Above painting: Louis Jean Francois - Mars and Venus an Allegory of Peace
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Wednesday, November 30, 2011

Guest Author Sharon Lathan on Paris in the Early 1800's

Welcome guest author, Sharon Lathan to History Undressed!  I spent many a summer in my youth in France and I LOVE Paris AND this time period, so I'm especially excited for you all to read Ms. Lathan's post today! Please leave a comment for your chance to win a copy of Miss Darcy Falls in Love. (1 winner, US/Canada only).


Paris in the Early 1800s
by Sharon Lathan



Whether you have been to Paris or not there are certain images that instantly flash in your mind when the ancient city is mentioned. So ingrained are these visions of what Paris IS that perhaps you might be surprised to learn that many of the iconic Paris sights either did not exist 200 years ago or were vastly different.



My latest novel - Miss Darcy Falls in Love - is set in 1820. At that time Napoleon Bonaparte was in exile on the island of Saint Helena and the Bourbon Restoration was underway with Louis XVIII on the throne. There was a measure of stability, but the long decades of war and revolution coupled with the major political upheavals ongoing meant that France was far from peaceful. Paris, as the capitol, showed the greatest evidence of the numerous trials. Scars were visible at every corner despite Napoleon and Louis’ attempts to reconstruct, and disorganization was constant. It would be many decades more before Paris truly became the glittering city it now is.



Nevertheless, in 1820 life for the Parisians was near perfection compared to the previous thirty-some years. Opera, theatre, arts, and social activities abounded. Yet, as I said, many of those places now top tourist traps were not available to Miss Darcy and her friends.



Eiffel Tower: Today it is the tallest building in Paris and one of the most visited monuments in Europe, but it was not built until 1889. The large flat open park called the Champ de Mars, where the Tower stands, had served as a site for executions during the Revolution and military training, but by 1820 was a popular park for festivals and other celebratory events.



Musée du Louvre: Originally a palace and fortress, the Louvre was transformed into a public museum during the French Revolution, the royal collections viewable for the first time. Located close to the Tuileries Palace, the Louvre Palace was structurally renovated several times during the 17th and 18th centuries, it’s general splendor as we now see it. However, in the early decades of the 19th century it was far smaller than it now is and held considerably less works of art. All through the century vast wings would be added on to house the flood of art arriving from all over the world until it eventually became a massive complex with the palace only one portion of the whole. So huge is the present day Louvre that it cannot be captured in one photo. When Georgiana and Sebastian tour the Louvre it is still a seat of royal power with the Tuileries standing, already supremely impressive as a museum, and undergoing constant construction.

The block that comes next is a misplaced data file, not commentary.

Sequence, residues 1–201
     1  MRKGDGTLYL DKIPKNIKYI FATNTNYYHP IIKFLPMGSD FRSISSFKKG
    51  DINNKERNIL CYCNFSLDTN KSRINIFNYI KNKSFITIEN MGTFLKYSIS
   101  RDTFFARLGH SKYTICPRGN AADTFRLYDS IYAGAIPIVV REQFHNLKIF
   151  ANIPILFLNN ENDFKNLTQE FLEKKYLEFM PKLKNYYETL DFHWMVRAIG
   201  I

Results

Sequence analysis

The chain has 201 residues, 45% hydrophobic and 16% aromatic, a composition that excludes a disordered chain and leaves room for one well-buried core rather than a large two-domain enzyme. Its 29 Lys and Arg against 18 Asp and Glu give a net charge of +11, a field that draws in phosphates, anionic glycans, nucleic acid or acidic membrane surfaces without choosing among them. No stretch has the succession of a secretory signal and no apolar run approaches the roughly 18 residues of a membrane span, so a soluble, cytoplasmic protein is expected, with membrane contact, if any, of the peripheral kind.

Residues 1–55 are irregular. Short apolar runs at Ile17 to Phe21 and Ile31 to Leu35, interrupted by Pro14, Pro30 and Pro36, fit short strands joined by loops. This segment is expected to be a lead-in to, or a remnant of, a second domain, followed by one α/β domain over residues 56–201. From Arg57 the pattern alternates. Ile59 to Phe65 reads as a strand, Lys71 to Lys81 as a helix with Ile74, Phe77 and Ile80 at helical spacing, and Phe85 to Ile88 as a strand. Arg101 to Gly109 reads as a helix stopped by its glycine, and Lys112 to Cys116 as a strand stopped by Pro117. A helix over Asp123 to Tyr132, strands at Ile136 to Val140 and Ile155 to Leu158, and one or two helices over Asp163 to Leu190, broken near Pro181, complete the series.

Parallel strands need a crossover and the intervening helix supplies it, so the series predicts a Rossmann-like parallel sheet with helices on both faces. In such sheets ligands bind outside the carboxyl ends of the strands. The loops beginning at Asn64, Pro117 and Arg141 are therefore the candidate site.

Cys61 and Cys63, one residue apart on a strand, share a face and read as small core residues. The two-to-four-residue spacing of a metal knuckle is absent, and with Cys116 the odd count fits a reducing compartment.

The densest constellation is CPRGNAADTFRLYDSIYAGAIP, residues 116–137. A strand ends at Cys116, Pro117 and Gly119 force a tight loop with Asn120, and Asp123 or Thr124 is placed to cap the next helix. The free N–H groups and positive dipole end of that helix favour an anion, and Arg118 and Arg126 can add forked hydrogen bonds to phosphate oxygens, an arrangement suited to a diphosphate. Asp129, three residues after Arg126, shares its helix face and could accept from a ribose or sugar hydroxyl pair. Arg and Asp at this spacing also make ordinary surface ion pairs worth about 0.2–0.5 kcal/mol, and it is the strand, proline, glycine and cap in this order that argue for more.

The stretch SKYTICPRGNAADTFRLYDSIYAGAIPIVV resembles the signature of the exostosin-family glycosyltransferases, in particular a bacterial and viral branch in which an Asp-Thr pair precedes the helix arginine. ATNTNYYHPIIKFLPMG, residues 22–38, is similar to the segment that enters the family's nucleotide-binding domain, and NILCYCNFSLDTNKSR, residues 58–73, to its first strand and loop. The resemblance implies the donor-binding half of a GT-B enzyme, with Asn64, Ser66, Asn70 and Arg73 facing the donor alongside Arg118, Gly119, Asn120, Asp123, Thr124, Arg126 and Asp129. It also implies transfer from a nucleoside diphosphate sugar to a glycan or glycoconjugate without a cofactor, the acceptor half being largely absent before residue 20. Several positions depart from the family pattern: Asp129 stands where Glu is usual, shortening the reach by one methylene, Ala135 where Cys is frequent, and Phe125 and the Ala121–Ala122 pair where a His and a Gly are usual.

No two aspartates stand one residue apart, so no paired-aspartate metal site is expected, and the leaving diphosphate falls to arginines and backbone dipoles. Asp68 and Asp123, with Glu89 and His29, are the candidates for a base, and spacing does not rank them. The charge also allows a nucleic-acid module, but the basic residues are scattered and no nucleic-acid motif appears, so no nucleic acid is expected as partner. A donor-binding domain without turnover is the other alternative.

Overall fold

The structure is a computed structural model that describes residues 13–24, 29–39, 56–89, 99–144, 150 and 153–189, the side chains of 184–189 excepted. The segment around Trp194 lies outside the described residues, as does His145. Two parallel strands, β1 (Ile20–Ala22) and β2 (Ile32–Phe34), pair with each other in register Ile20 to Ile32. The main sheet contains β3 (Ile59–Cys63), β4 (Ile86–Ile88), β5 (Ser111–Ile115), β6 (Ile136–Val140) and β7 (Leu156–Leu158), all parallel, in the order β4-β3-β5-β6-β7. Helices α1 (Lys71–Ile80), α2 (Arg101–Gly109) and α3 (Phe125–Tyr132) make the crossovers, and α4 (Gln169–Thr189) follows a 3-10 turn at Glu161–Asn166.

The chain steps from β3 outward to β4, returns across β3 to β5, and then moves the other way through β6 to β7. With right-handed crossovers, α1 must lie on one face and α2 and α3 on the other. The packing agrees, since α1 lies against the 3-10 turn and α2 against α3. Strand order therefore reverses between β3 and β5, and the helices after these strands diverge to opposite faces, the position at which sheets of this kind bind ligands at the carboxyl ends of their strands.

Arc de Triomphe: The monument to honor those who fought and died for France in the Revolutionary and Napoleonic Wars was conceived in 1806. The foundations were laid in 1810 but construction halted during the Restoration, the final structure not completed until 1836. Therefore, my characters would not have seen this marvel. Instead they stroll through the Tuileries Gardens and pause at the smaller Arc de Triomphe du Carrousel. Built in 1808 by commission of Napoleon to commemorate his military victories, the lesser Arc was nevertheless an impressive sculpture and integral part of the axe historique (grand historic axis) of Paris. Pictured here you can see the Arc with the Louvre behind as it would have looked in 1820.



Notre Dame Cathedral: Completed in 1250, Notre Dame is the “World Ambassador of Gothic Cathedrals.” For seven hundred years it has stood on the site of ancient sacred ground, revered and generally well cared for except during the years of the Revolution. Churches in France were universally rededicated to the “cult of Reason” and Notre Dame suffered severe defacement, destruction, and desecration. Until the mid-19th century the cathedral was ignored as a house of worship, used instead as a storage facility and place for public gatherings. It is unlikely that Miss Darcy, or anyone visiting Paris in 1820, would have taken the time to visit the ruined Notre Dame.



Other famous attractions not in Paris at the time of my novel include Cleopatra’s Needle (1833), Elephant of the Bastille (the fountain and model elephant were present by 1814, but the elephant not completed until 1833 and has since been removed), the Sacré-Coeur (1873), the Moulin Rouge (1889), or the Opéra de Paris Garnier.